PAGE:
Number 1 is a means of estimating the cost of the disaster. The declarations I have seen involve Category B – Emergency Protective Measures. Any action that your governmental entity undertook to prevent death, improve public health, and protect improved property from the impacts of this disaster may be eligible for reimbursement. If you run a municipality or municipal agency, you are a likely candidate. If your organization provides essential government-like services, you are a likely candidate. In our Eligibility post we discuss this topic. This includes non-profit ambulance services, non-profit water districts, non-profit libraries and non-profit hospitals/nursing facilities.
You’ll need to estimate your labor costs. Go listen to the first episode in this series for help on that or read it here. You’ll need to estimate material costs, incidental costs, and contracted costs.
If you contracted services and purchased materials, know that the federal procurement rules apply. We talk a lot about this in this series. That’s your biggest trap right there.
The grant application involves cost estimates and the scope-of-work you provided or may provide in the future.
FEMA Grants Lifecycle
1. Grant Application
The grant application for FEMA involves the following elements
- Cost Estimates for labor, equipment, material for activities that have been completed
- Cost Estimates for labor, equipment, and material for activities that are planned.
The activities must be within the proposed scope of the grant and fit within the confines of the FEMA Public Assistance Grant Program. This means between date X and date Y (the start of performance and end of performance dates).
For COVID-19, this also means that the activities directly supported Emergency Protective Measures (preservation of life, public health, and at-risk improved property).
If you request funding for labor, equipment, and material costs, you MUST provide the documents that provides proof for your labor costs. These include labor contracts, union contracts, payroll records, work logs that tie the activities to eligible work. For equipment, you’ll need to provide equipment logs and costing based on the FEMA equipment schedule.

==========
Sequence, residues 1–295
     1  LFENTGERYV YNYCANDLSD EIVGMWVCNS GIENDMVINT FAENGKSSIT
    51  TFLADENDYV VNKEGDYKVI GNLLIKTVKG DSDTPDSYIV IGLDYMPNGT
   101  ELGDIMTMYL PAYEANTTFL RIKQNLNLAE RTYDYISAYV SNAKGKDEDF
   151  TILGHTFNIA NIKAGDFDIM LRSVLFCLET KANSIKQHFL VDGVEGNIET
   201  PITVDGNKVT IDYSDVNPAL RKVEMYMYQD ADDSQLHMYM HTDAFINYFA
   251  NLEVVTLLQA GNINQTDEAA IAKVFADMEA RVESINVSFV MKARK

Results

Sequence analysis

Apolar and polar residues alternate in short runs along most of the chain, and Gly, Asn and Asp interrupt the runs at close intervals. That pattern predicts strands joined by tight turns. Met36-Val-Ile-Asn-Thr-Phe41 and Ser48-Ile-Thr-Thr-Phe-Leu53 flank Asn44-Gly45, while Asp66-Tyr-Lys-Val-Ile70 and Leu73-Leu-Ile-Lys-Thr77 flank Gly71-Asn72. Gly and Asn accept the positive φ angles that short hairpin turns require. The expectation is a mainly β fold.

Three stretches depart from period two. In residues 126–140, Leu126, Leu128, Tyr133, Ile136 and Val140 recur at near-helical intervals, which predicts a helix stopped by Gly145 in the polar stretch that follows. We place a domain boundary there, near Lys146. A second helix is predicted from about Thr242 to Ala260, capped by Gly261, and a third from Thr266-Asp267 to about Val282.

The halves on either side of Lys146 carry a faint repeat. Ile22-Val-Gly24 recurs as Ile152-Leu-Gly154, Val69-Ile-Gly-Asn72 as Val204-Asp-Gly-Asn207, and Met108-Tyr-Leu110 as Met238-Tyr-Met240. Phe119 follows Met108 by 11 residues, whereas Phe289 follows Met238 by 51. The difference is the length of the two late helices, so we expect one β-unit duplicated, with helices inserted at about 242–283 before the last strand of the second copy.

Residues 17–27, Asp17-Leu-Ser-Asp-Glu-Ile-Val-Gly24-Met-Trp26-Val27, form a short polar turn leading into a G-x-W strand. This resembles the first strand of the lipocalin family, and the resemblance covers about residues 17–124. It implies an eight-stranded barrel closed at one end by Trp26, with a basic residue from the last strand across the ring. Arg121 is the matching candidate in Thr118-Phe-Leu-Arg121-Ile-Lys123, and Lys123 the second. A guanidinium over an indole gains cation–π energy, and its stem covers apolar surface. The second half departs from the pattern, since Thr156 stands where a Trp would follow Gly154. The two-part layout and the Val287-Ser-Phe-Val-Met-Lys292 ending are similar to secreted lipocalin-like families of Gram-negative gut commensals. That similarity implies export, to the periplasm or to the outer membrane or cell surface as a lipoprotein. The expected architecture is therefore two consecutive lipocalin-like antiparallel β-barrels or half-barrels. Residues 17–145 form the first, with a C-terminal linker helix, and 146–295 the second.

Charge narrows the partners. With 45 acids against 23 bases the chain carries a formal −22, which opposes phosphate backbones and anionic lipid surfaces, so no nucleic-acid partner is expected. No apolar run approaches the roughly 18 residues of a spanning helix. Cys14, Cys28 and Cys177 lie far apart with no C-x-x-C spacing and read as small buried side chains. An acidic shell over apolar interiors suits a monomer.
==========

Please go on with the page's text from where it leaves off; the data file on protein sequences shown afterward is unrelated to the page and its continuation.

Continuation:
For non-labor based costs, you’ll need to execute procurement within the guidelines of your procurement policy, your state’s procurement policy, AND the federal procurement policy – which ever is the most strict. This tends to require more documentation than standard small government/non-profit process and open bidding processes.
Supporting Proof for Grant Application
- Applicant documents such as:
- Union Contracts
- Labor Agreements
- Fringe Rate Calculations
- Labor Cost Support
- Work Logs
- Payroll Records
- Expenses Support
- Contracting Documents
- Proof of Payment
2. Grant Award (Obligation of Funds)
The grant lifecycle really starts at Award or Obligation. The process of making the award is typically FEMA led, or if State-led, then FEMA has a heavy hand behind the scenes. And let me define state. In 2CFR200.90, the US Government defined state to include the territories and the District of Columbia. Within the body of laws related to federal grants, we have 58 states.
3. Grant Management
After grant award, and financial obligation by FEMA, you’ll be responsible for tracking actual costs, executing procurement in accordance to federal law, and collecting documents proving you did each action that is required of you.
You may make requests of the state to extend the timeline, ask for more money, ask for reimbursement. In time, you’ll be ready to close out your grant.
Common tasks in this extended phase (typically the longest phase) include:
- Requests for Advanced Funding
- Requests for Reimbursement
- Quarterly Progress Reports
- Requests for: scope/budget change, appeals, etc
99. Grant Close Out (Your End Goal)
Your ultimate objective is to recover funds from FEMA and your state within the legal bounds. The grant lifecycle really starts with the grant application phase. You’ll provide cost estimates and describe your
mission. . You’ll collate all of your documents in a neat orderly fashion then submit to your state. Note that this maybe seem like a duplicate process. You gave them this or that. Doesn’t matter. Your close-out book is the story from Bang to Closeout inclusive.